The next book on my list is Half the Church: Recapturing God's Global Vision for Women by Carolyn Custis James. (Are you detecting a theme here?) This book is my antidote to the teaching of 'what a Godly Christian Woman (TM) looks like'. It takes away the assumption that all women operate on the same economic or stage of life footing and examines what God really calls us to be.

Half the Sky: Turning Oppression into Opportunity for Women Worldwide by Kristof and WuDunn is next on my list. (See, I just took the theme and turned a corner!) This one hit my list mainly because I am passionate about women's and children's issues and am trying to figure out how to direct that passion.

And finally Just Moms: Conveying Justice in an Unjust World, a compilation of stories from 27 authors on modeling Christian social-justice principles for our children. I will admit that so far this one is my favorite because it is SO readable. Every story is short, every story is self-contained, every story is REAL! This is the perfect book for moms like myself who are right the thick of mothering and wondering how to teach our children about things like simplicity, equality, peace, and giving. It is a book to reassure us that we don't have to follow some program and get it perfect, that we don't have to turn out perfect little activists. We just have to be real, and allow our children to be real as well.

Oh, ok, that's not the last book in my list. Lest you think I'm all about the non-fiction let me assure you that my primary delight is fiction and this month I am also reading:

Unwind which I need to pick up from the library today and also A Game of Thrones because it has been awhile since I geeked out on a good epic fantasy. I may also work a few cheesy mysteries and chick-lit books in there as well. I am so not an intellectual!

So, that's what I'm reading, what about you?

P.S. I can't possibly read all of these books at once, so if anyone in this area really wants to borrow one I will happily lend it out.

Thursday, August 4, 2011

Let us not grow weary...

And let us not grow weary of doing good, for in due season we will reap, if we do not give up. Gal. 6:9 (ESV) 

I see them staring out from my computer screen. Faces of children dying of starvation in Somalia; 29,000 of them in the last three months. That is JUST the number for those under the age of five. That would be all but 7,000 of the preschoolers in Washington, DC. Half of the preschoolers in Delaware or South Dakota. 1 out of every 100 in California. I read the news stories and I glance at the comments hoping to see people moved to help. I need to stop reading the comments, because how can people look into the face of suffering like this and be so hateful, so vengeful, so unmoved?

I read the stories from bloggers currently traveling in Bolivia with World Vision. More faces of children, more stories of poverty, of children walking an hour to get to school, of fathers leaving families to find work and never returning. Stories that bring tears to my eyes and rip holes in my heart. And I hear the frustration in the words of the bloggers as they report that their blog stats are down because apparently people don't want to hear about the broken places.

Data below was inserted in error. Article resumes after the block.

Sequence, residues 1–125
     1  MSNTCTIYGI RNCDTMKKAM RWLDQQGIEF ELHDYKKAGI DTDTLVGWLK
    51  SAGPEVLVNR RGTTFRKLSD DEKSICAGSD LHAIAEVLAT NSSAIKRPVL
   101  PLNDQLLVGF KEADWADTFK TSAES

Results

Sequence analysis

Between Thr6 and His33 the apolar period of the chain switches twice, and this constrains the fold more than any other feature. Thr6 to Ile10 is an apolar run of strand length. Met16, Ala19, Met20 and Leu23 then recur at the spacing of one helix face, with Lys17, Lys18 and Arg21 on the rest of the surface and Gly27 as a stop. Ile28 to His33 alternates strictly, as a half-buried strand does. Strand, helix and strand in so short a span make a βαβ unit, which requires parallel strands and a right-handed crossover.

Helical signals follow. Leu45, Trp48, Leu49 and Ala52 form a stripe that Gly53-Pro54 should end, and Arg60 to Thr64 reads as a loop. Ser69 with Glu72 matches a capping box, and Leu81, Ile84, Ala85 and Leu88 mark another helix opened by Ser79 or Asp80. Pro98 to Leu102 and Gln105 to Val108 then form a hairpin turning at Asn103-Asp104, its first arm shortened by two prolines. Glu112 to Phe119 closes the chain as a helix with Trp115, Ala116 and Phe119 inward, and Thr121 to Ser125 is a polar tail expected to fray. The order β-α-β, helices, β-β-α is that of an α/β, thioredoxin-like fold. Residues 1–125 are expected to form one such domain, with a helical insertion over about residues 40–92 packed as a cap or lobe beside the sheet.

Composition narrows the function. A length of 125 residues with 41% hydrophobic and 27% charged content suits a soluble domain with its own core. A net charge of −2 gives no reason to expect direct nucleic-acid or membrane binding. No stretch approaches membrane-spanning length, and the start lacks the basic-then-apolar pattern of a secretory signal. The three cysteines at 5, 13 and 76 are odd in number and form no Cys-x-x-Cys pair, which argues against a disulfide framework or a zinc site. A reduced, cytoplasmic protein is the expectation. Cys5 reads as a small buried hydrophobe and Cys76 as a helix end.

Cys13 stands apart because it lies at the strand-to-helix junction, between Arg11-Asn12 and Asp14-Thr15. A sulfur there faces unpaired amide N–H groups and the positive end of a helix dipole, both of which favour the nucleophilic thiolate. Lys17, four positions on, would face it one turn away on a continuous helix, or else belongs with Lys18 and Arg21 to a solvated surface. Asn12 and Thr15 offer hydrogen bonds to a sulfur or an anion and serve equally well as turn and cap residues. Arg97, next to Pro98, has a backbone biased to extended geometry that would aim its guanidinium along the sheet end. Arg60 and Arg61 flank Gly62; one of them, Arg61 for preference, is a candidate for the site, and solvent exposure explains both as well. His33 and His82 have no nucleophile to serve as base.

The other week our family participated in the annual Minn-Kota  Festival for World Relief. This sale takes place to help support the relief, development and peace branch of our denomination's ministry, Mennonite Central Committee. Handmade quilts, wooden furnishings and a variety of other items are auctioned off, theme baskets are created for the silent auction, food abounds. But every year the sale is smaller, every year it seems that fewer people attend. People in our age group just don't make the effort.

Indy after a busy day at the sale
What's the deal? Have we grown weary of doing good? Is there too much suffering in the world for us to comprehend and so we close ourselves off because the small difference we could make doesn't seem to be enough? Are we so caught up in our lives that we just don't care enough to make the effort to help?

I wish that I could instantly help every child who needs it. I wish that I could change the world. I wish that I weren't so self-centered sometimes, that I could think more of growing the kingdom of God and less of growing my possessions. I wish that I could find more ways to consume less and give more. I wish that I didn't feel such a pull to live like everyone else around me.

And so I start small, because small is what I do best. I glue a map of Africa to a jar and set it on the kitchen table. I toss in the coins because they are just change and really I won't miss eighty cents, will I? And eighty cents grows into two dollars and then three and I start to look for more ways to make a change. I step on the scale and I'm pretty sure it's broken and I should get a new one...but do I really need something to tell me that I'm still eating too much? Couldn't that $25 feed a family instead?

I clear my closets and bag the excess to take to a thrift store. Double blessings here because maybe someone will have clothes they couldn't afford, and proceeds from this store go for world relief. My children want to know why we don't have a garage sale and all I can say is 'because we don't need to'. And we don't. I am not so poor that I can't afford to give away.

So I keep going with small. A dollar here, a dollar there. I can't change the world, but I can change the way I see it. I can change myself. I can refuse to grow weary of doing good.